A pilot beef fattening scheme introduced two years ago at Lanet, about 100 miles (160 kms) north-west of nairobi, may lead the way to a vital expansion in meat production in Kenya.
GV EXT & CU Sign "Kenya Beef industry Development project, Nakuru"
MV PAN Thine cattle in pen
GV Man on top of mixing wagon as scoop vehicle loads grain germ and husks sacks united and emptied (4 shots)
GV Food churned in mixer
SV Man at control
MV Man shovels cotton seed into chute
CU Machine operator
MV Molasses pouring from pipe
CU Board showing feeding experiments
GV & MV PAN Fattened cattle in pen
CU Tribal mark on white bull PAN ACROSS bull
LV,MV & CU Mixing wagon approaching feeding pens and cattle eating (3 shots)
CU Cattle with identification tags eating
Initials BB/0103 PK/DW/BB/0120
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Background: A pilot beef fattening scheme introduced two years ago at Lanet, about 100 miles (160 kms) north-west of nairobi, may lead the way to a vital expansion in meat production in Kenya.
The scheme was launched by the world Food and Agricultural organisation in conjunction with the united nations Development Programme.
A beef research station was set up at Lanet jointly with the Kenya Ministry of Agriculture Animal Production Division.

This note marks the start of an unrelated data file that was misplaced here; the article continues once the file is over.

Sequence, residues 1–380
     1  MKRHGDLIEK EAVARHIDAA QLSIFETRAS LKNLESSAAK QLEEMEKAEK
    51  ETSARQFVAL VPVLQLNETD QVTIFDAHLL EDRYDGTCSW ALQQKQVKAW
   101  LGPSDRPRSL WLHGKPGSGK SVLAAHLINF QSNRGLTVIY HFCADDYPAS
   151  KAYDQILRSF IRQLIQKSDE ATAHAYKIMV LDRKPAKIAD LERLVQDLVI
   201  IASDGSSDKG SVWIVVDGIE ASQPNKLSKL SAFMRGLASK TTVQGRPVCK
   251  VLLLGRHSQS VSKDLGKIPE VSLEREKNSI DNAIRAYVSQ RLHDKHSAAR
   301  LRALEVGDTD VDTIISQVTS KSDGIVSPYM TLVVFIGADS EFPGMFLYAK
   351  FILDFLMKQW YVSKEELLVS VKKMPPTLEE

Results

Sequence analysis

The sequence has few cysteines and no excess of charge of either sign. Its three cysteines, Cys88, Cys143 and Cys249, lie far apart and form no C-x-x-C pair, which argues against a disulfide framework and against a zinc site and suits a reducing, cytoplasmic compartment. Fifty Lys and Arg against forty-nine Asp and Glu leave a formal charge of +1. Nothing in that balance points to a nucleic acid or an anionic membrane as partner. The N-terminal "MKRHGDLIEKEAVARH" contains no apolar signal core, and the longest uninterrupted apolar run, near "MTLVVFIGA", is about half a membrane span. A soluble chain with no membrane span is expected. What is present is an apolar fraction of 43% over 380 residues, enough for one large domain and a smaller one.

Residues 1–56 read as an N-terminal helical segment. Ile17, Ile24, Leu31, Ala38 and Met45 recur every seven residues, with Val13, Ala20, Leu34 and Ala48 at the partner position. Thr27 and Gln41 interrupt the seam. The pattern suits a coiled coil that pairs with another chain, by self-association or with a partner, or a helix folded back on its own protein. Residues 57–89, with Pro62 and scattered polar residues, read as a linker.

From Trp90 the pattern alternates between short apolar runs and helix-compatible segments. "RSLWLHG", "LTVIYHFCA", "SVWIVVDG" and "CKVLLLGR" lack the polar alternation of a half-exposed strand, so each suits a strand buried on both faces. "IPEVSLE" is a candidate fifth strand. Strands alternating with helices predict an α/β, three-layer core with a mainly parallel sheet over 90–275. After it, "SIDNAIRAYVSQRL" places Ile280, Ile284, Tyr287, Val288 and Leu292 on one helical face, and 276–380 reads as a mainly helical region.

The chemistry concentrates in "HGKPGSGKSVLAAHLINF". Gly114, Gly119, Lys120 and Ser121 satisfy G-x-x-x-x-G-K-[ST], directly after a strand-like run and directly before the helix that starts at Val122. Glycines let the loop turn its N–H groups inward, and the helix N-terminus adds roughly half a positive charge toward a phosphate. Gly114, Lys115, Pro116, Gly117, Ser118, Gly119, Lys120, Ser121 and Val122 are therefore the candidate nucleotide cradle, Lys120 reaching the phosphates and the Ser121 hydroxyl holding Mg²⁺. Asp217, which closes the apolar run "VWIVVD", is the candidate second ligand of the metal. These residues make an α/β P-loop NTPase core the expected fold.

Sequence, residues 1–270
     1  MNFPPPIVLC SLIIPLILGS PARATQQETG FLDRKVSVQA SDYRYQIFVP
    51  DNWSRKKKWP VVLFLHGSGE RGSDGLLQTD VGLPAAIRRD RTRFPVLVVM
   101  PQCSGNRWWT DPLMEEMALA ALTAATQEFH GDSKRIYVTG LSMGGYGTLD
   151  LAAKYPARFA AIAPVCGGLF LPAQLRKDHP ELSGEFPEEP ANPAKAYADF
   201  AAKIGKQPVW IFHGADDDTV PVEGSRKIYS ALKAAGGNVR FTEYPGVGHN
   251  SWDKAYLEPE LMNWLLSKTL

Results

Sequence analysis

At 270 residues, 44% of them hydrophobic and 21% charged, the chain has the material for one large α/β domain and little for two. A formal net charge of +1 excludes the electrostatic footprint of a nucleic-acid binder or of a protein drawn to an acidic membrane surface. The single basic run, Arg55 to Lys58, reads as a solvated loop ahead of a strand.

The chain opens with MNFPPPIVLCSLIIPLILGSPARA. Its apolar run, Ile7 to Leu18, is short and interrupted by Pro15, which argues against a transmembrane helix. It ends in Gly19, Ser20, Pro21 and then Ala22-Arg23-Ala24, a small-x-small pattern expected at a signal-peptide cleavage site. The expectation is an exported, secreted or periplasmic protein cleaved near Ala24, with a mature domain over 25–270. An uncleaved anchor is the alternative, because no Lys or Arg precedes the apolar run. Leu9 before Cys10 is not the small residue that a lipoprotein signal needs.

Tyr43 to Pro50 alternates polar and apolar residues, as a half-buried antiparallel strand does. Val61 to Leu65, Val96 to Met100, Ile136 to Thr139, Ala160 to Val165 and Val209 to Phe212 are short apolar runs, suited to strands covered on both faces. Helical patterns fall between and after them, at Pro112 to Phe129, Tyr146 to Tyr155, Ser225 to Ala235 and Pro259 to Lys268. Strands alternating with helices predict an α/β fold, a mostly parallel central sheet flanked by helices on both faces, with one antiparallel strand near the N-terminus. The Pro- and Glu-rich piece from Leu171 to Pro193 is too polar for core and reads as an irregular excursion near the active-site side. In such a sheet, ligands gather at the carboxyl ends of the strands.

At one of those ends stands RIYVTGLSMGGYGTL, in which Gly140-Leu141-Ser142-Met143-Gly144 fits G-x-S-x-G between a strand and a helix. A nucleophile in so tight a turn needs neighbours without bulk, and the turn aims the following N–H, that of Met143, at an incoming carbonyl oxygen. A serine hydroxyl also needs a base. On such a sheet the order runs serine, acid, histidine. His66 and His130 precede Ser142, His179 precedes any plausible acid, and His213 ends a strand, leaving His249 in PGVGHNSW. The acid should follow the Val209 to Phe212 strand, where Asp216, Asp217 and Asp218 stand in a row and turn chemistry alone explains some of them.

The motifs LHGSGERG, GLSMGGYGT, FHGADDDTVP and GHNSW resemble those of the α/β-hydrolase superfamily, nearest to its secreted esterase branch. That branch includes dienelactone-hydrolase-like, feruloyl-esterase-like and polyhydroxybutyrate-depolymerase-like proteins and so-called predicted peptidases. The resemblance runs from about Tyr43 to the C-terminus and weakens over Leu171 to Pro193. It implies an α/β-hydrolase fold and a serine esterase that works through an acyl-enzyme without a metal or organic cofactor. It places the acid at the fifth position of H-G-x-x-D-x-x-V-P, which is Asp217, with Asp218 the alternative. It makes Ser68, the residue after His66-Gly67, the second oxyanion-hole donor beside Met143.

Young cattle in poor condition are bought from herdsmen in the northern frontier district and placed in pens at the research station. After being checked by the veterinary department, they are subjected to an intensive feeding programmed aimed at fattening them quickly and economically.
The main basis of the fattening ration is maize silage, grain germ and husks, mixed with mole??? products grown locally. After ten weeks, the cattle have gained sufficient meat and fat to be sold off to the kenya Meat Commission for slaughter.
Research is being carried out to find the response of various available breeds and cross-breeds of cattle fed on the special rations.
It is hoped that, with the establishment of a further six commercial fattening centres, an improved type of beef industry can be built up. The production of beef calves will then be concentrated on range areas, with fattening programmes integrated into the crop economies of the better quality land.
The Lanet project has received considerable attention from European commercial interests as a possible model for production of beef for export to Europe.